Few disciplines offer as many defensive options, particularly coupled with Perception-based talents, as the Bodyguard. However, they pay for this with few offensive options. They have no access to damage boosting and additional attack abilities through Journeyman. This is a key part of why they are unlikely to be a common choice as a primary discipline. Their defensive abilities really are astounding and can make a melee discipline the rock which opposition crashes upon.

Nothing here has been playtested yet and the Fifth Circle discipline and karma abilities are the most likely sources of trouble. The concept behind the discipline ability is to give what may very well be a low Initiative discipline access to what will be a key talent regardless of their poor Initiative, along with a small boost. Their karma ability plays this up even more, though at the cost of a damage ability which most other combat disciplines see at this Circle. It was hard to justify the damage increase for a discipline which isn't really about offensive abilities. An alternative was to offer them the ability to increase an Armor rating by a karma for one attack once per round. This still has potential, but it seems out of place at this Circle.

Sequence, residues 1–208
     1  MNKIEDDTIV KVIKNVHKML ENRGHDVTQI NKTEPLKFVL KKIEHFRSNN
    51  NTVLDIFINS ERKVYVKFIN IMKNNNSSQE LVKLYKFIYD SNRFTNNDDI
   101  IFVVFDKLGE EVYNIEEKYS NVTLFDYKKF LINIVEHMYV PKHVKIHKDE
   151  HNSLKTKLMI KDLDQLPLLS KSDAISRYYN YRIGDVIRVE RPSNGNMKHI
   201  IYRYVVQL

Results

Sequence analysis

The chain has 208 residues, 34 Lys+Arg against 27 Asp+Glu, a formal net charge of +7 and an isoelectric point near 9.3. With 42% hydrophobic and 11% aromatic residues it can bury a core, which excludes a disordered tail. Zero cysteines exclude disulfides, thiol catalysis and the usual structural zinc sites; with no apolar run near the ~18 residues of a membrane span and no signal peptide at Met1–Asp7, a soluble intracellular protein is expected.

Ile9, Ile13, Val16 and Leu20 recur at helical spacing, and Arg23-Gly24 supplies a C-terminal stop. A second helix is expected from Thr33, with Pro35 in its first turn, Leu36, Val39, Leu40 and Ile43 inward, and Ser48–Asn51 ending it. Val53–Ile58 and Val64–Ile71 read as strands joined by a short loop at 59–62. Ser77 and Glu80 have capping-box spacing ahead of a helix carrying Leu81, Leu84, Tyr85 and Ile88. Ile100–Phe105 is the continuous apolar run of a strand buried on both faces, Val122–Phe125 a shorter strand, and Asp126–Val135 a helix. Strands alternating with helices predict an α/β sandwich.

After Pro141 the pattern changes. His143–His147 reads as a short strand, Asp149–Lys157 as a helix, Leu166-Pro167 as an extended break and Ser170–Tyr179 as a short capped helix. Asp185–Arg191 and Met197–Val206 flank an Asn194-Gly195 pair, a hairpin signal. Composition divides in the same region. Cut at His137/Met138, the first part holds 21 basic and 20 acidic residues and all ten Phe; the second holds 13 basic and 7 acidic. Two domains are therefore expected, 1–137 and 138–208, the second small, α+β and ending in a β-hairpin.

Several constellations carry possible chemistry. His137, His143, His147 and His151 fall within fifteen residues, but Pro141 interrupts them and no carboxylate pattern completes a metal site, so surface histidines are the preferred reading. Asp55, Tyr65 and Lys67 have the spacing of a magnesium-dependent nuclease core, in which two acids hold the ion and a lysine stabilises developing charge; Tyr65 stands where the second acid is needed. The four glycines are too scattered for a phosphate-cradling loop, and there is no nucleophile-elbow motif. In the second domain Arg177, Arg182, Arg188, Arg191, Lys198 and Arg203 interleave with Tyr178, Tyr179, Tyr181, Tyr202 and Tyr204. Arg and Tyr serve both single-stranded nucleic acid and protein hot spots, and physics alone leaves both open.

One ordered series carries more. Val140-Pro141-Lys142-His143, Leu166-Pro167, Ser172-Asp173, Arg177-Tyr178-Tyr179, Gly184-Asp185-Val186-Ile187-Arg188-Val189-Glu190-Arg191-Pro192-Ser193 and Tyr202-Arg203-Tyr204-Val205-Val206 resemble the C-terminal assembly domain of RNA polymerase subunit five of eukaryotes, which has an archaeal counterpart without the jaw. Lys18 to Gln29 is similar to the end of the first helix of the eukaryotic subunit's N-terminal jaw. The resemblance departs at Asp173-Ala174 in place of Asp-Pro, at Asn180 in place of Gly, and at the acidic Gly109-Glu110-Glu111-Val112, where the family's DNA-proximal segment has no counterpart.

Artisan Skills: Rune Carving, Tattooing

Half-Magic: Bodyguards use half-magic for knowledge of escape routes in their immediate area which they have traversed or seen. In addition, they use half-magic for proper maintenance of armor and weapons.


Novice

First Circle

  • Anticipate Blow
  • Awareness
  • Danger Sense
  • Guard Weaving
  • Melee Weapons
Abilities
  • Durability 7
Second Circle
  • Avoid Blow
Abilities
  • Defense: +1 Physical Defense
Third Circle
  • Wound Balance
Abilities
  • Karma: The adept may spend a karma point on Action tests to detect potential threats. This can include Sensing tests when appropriate.
Fourth Circle
  • Empathic Sense
Abilities
  • Defense: +1 Social Defense
Talent Options
  1. Disarm Trap
  2. Distract
  3. Etiquette
  4. Fireblood
  5. Graceful Exit
  6. Maneuver
  7. Shield Bash
  8. Tiger Spring
  9. Throwing Weapons
  10. Unarmed Combat